Fire Ecology of a Seasonally Dry Tropical Forest in Southern India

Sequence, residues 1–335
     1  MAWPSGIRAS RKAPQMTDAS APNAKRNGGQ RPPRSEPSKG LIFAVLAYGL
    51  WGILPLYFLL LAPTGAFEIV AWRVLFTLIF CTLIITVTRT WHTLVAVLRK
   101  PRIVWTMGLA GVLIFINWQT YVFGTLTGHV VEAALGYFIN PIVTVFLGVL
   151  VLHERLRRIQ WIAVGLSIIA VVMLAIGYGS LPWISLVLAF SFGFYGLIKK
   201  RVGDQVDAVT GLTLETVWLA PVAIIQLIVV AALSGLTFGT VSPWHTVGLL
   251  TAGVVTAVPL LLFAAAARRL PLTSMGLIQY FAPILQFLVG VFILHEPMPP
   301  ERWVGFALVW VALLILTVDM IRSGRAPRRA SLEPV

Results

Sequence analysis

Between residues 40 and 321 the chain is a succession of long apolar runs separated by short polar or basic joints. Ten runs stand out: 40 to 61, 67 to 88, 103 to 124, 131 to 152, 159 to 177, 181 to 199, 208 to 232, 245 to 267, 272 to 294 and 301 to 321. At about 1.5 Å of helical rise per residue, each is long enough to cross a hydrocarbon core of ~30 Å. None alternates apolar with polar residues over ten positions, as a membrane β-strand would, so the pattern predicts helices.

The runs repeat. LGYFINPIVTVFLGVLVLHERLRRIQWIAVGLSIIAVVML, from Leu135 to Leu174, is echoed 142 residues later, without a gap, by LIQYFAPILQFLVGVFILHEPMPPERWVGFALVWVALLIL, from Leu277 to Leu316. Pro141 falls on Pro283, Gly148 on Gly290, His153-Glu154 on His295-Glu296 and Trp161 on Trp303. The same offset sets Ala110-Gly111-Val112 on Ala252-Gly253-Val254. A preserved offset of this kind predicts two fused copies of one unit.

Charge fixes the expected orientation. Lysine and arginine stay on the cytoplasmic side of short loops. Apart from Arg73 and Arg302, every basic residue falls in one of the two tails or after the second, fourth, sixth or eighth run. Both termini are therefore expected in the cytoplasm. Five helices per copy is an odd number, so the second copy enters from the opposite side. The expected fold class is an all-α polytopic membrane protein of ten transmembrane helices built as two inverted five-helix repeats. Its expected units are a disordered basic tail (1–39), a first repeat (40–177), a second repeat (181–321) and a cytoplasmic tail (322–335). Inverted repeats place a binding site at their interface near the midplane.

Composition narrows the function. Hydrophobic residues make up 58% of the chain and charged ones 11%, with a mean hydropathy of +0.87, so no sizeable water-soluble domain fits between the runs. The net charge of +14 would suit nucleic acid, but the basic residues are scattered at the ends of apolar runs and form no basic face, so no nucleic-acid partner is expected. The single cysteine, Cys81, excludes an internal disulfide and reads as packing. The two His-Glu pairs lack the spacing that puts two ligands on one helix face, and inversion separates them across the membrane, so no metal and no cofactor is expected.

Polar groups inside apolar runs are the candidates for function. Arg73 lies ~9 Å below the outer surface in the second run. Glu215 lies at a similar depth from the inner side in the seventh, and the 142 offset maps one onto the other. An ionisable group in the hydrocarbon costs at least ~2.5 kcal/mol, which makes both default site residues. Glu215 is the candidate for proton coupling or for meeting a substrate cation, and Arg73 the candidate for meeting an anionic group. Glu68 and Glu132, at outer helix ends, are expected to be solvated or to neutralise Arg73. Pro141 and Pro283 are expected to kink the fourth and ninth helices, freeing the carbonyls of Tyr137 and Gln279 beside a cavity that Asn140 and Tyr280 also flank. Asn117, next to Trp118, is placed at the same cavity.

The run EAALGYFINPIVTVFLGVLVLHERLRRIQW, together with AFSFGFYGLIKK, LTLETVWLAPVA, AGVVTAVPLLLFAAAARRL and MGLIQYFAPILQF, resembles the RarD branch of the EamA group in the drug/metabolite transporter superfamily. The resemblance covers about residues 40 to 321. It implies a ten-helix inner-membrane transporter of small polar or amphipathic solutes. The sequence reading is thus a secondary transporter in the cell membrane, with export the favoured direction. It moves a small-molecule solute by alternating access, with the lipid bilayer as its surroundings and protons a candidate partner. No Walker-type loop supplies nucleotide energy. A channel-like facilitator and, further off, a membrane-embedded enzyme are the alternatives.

Fire ecology encompasses the study of the factors, biotic and abiotic, that influence the occurrence of fire in an area, as well as the effects fire has on the flora and fauna native and non-native to the region (Whelan 1995). Fire has had a major influence on shaping biomes as we see them today. Fire has had an effect on vegetation much before the evolution of Homo on Earth (Keeley and Rundel 2005, Pausas and Keeley 2009, Midgley and Bond 2011). With the evolution and expansion of Homo across Earth, fire has been tamed, and then generated and used over time to yield landscapes that were suitable for their existence (Pyne 1991, Bowman et al. 2009, Archibald et al. 2012). Thus, fire, vegetation and humans were, and still are, inextricably linked in certain biomes on Earth. The best examples are observed in tropical savannas and grasslands, biomes that experience distinct seasonality in climate and are thus prone to frequent fires caused either by lightning or by humans (Keeley and Rundel 2005, Archibald et al. 2012). At the other end of the spectrum of tropical vegetation types are rainforests where the occurrence of fires is constrained by a perpetually moist environment (Meyn et al. 2007, van der Werf et al. 2008), in the absence of manipulation of the forest landscape by humans. Frequent fires have been documented to alter structure and cause a decline in forest diversity in rainforests (Cochrane and Schulze 1999, Cochrane 2003), whereas fire exclusion in mesic savannas leads to increases in biomass and transition to forest ecosystems (Bond et al. 2003, Bond et al. 2005 and references therein). A tropical biome that lies between these two extremes of vegetation types is the Seasonally Dry Tropical Forest (SDTF) where the occurrence of fire is common, but for which there are contrasting views on the effect of fire on this system (Saha and Howe 2003, Otterstrom et al. 2006 as examples). Current forest management policies in SDTF areas, especially in India, actively aim to exclude fire from these forests mostly because of the perception held by forest managers and the general public that fire has negative effects on forests. However, very few scientific studies have explored the ecology of fire in SDTFs. In order to formulate fire management policies, it is necessary to have a more comprehensive understanding of the ecology of fire in this tropical forest type. This thesis addresses two components of fire ecology as applied to SDTFs. The first is how fire is influenced by the environment, and the second, how fires influence the biotic community particular to SDTFs. The study was carried out in an SDTF in southern India where fire is a common occurrence -the forests of Mudumalai – a protected area that exhibits a range of SDTF vegetation types, from moist deciduous to dry thorn forest, corresponding to a rainfall gradient. Fire influenced by the environment: For this section, the influence of fuel load, fuel moisture and ambient weather on area burnt, fire occurrence and fire temperatures were studied in the SDTF vegetation types of Mudumalai. The extent of fire (area burnt) in an ecosystem differs according to the relative contribution of fuel load and fuel moisture available (Meyn et al. 2007). At a global scale, these factors vary along a spatial gradient of climatic conditions and are thus “varying constraints” (Krawchuk and Moritz 2011) on fire activity in natural ecosystems (Meyn et al. 2007, Krawchuk and Moritz 2011). Moist ecosystems such as tropical rainforests are at one end of the spectrum where fire activity is constrained by fuel moisture. At the other end are arid ecosystems, such as deserts, where fire activity is limited by the presence of fuels. The potential for the globally widespread seasonally dry tropical forests (SDTFs) to be placed as a single entity in this framework was examined by analyzing the interacting effects of fuel load and fuel moisture on the extent of fire in Mudumalai. Logistic regression was used to model proportion area burnt in a given year with factors that would influence fuel load and fuel moisture – these were proportion area burnt the previous year, wet season rainfall the previous year and early dry season rainfall. Modelling was conducted at two levels – the overall landscape and within four defined moisture regimes (between 700 and 1700 mm yr-1) – using a dataset of area burnt and seasonal rainfall from 1990 to 2010. The landscape scale model showed that the extent of fire in a given year within this SDTF is dependent on the combined interaction of seasonal rainfall and extent burnt the previous year. However, within individual moisture regimes the relative contribution of these factors to the annual extent burnt varied – early dry season rainfall (i.e. a moderator of fuel moisture) was the predominant factor in the wettest regime, while the previous year’s wet season rainfall (i.e. a proxy for fuel load) had a large influence on fire extent in the driest regime. Thus, the diverse structural vegetation types associated with SDTFs across a wide range of rainfall regimes would have to be examined at finer regional or local scales to understand the specific environmental drivers of fire. While the extent burnt in SDTFs is largely dependent on climatic influences, the probability of ignition has not been characterized for SDTFs. Anthropogenic fires are a regular occurrence during the dry season in SDTFs (Stott et al. 1990). We investigated if the occurrences of anthropogenic fire in Mudumalai were associated with any particular weather conditions during the dry season. Logistic regression between probability of a fire day and weather variables -seasonal rainfall, ambient relative humidity and temperature -was examined during the dry seasons of 20042010 in Mudumalai. Fire incidence data was obtained from the Fire Information for Resource Management System (FIRMS; NASA 2002) and weather data from two automatic weather stations within Mudumalai. The analysis showed that days with high probabilities of fire occurrence were associated with low levels of early dry season rainfall, low daily average relative humidity, and high daily average temperatures. These weather conditions are known to influence moisture levels of fine fuels (Viney 1991, Archibald et al. 2009). In Mudumalai as well as other SDTFs the primary fuels for fires are fine fuels such as litter and dried grass that accumulate on the forest floor during the dry season. Our results suggest that the occurrence of fire is moderated by environmental conditions that reduce or enhance the flammability of fine fuels in the dry tropics. A quantitative framework for assessing risk of a fire day has been proposed as an outcome of this analysis to assist forest managers in anticipating fire occurrences in this SDTF, and possibly for those across south Asia. Of the various components of a fire regime, fire intensity is an important aspect. High fire temperatures (one measure of fire intensity, Keeley 2009) and resulting soil temperatures would have an effect on soil properties as well as plant species demography and community structure (Moreno and Oechel 1991, Neary et al. 1999, Morrison 2002). Fires that occur frequently in a region could vary in their intensity and severity depending upon the amount of fuel available and ambient weather conditions (Stinson and Wright 1969, Stott 1986, Stronach and McNaughton 1989, Ansley et al. 1998, Wotton et al. 2012). However, this relationship has not been examined in a multiple regression framework for SDTFs. Fire temperature was recorded and its relationship with ambient weather and fuel load was studied in two SDTFs of southern India -Mudumalai and Biligiri Rangaswamy Temple (BRT) Wildlife Sanctuary in Karnataka. During “controlled burns” conducted by the forest department staff in these reserves in February and March 2010, temperature indicating lacquers on mica sheets were used to measure fire temperature at several points at ground level and one cm below the ground. Biomass was harvested close to the temperature measurement points to estimate fuel load and fuel moisture. Ambient weather conditions were recorded during the controlled burn when the flame passed over the indicators. Temperatures recorded at ground level ranged from <79oC to 760oC, with the most frequently recorded temperatures between 343-399 oC and 510566 oC. Temperatures measured one cm below the ground ranged from <79oC to 302oC, with a majority of the indicators recording temperatures in the <79oC category. Ground-level temperatures increased with increasing biomass. A linear regression of ground-level temperatures with fuel load and ambient weather conditions of relative humidity and temperature was found to explain most of the variation in the data. Ground-level fire temperatures increased with increasing fuel load, but were also found to be lower at higher relative humidities at a given temperature. In order to reduce the intensity of forest fires that occur accidentally during the dry season, we recommend that fuel loads be reduced in the forest by prescribed burning early in the dry season. This applies especially to areas where there is accumulation of biomass over years, such as that of the tall grass Themeda cymbaria found predominantly in dry deciduous forest types. If prescribed burning is incorporated in fire management policies for these forests, then the season of burning will be important to consider. It is known from ecosystems where prescribed burning is regularly applied that early dry season fires are less intense than late dry season fires (Williams et al. 1998). However, this has not been systematically investigated for SDTFs. Through a burning experiment carried out in private land with vegetation type similar to tropical dry thorn forest, we investigated differences in area burnt, ground-level fire temperatures and soil temperatures one cm below the ground in the early dry season in January, late dry season in April and and early wet season in June. We also examined differences in fuel load, fuel moisture, soil moisture and weather conditions of ambient relative humidity (RH), temperature and wind speed in these phases; these factors could be responsible for observed differences in fire and soil temperatures or area burnt. Although area burnt was not significantly different between the early and late phases of the dry season, fire and soil temperatures were significantly lower in the former. The late dry season was characterized by distinctly higher fuel loads, lower fuel moisture, lower relative humidity, higher ambient temperatures and higher wind speeds compared that measured in the early dry season. Differences in soil temperature between these months may be attributed to the increase in fuel load since there were no significant differences in soil moisture. Fire spread was limited in the experimental plots in the early wet season in June, probably due to significantly higher levels of fuel moisture in this month; the resultant fire and soil temperatures recorded were low. Forest management should, therefore, consider early dry season burns in the month of January for prescribed burns in the sanctuary, although this would have to be tested in other SDTF vegetation types with more variable fuel load, fuel moisture and weather conditions. Fire’s influence on the biotic community: Concerns regarding the regeneration capacity of woody species in SDTFs have been voiced with respect to increasing frequencies of fire (Saha and Howe 2006, Kodandapani et al. 2008). Fire is known to cause high mortality of individuals of small size (Swaine et al. 1990, Suresh et al. 2010). However, mortality has been examined for large size classes, and not for seedlings. It is essential to understand the dynamics of seedlings and their contribution to the regeneration potential of SDTFs. Woody species in SDTFs are known to have traits that help them recover from recurring disturbances, such as sprouting from underground root stocks (Vieira and Scariot 2006). Another trait may relate to growth rates of seedlings. Growth rates of seedlings (defined in this study as established individuals between 10 and 100cm height) after dry season (February-March) fires were compared between adjacent pairs of burnt and unburnt transects established at eight sites in Mudumalai across vegetation types of moist deciduous, dry deciduous and dry thorn forest. The growth of grasses, a possible competitor for resources, was also monitored at each site. Seedling and grass heights were monitored at 3-month intervals between August 2009 and August 2010. A second fire in March 2010 affected transects at two sites in Mudumalai. Seedling and grass heights were monitored for two enumerations till August 2010 subsequent to the second fire at these two sites. A total of 1032 individuals across 58 woody species were enumerated. High seedling survivorship (>95%) was observed in both burnt and unburnt areas. Although seedling heights were significantly different between burnt and unburnt areas at the start of the enumeration in August 2009, heights were comparable within a year and a half of the fire. Comparable seedling heights in such a short time span were because of distinctly higher growth rates of seedlings in burnt areas compared to unburnt areas after the fire event, particularly during the pre-monsoon season. Grass biomass (volume), on the other hand, was significantly different between burnt and unburnt areas at both the first and last enumerations. Grass growth (change in volume) did not differ between burnt and unburnt areas. Rapid growth by seedlings after a fire implies adaptation through the use of stored resources for growth, possibly aided by lower competition from grasses, in order to attain a certain size before the subsequent return of unfavourable factors such as a recurrent fire event. Conclusions: The results from the study point to climatically driven fire regimes in an SDTF in southern India, with daily influences of weather conditions during the dry season on fire occurrences. Fire intensities increase with increasing fuel loads in these forests, moderated by weather conditions such as RH and temperature. Since fires are an anthropogenic phenomenon in these forests, active management with the use of prescribed fires in the early phase of the dry season is a possible option to control late dry season fires that would be higher in intensity. The current woody tree species assemblage in this southern Indian SDTF is resilient to fires at the seedling stage, with established individuals exhibiting high survivorship and rapid growth after a fire. However, the effects of fires of varying intensities on the regenerative capacity of the seedlings are not known. The effect of fire on habitat utilisation by large herbivores, or the impact of fire on the faunal community in general has not been studied for vegetation types that comprise SDTFs. The effect of fire exclusion on the ecology of SDTFs will provide useful information that can feed into management policies for this ecosystem type. These are potential areas of research for the future. Fire, if managed wisely, can be an effective tool for the conservation of SDTFs across south and southeast Asia.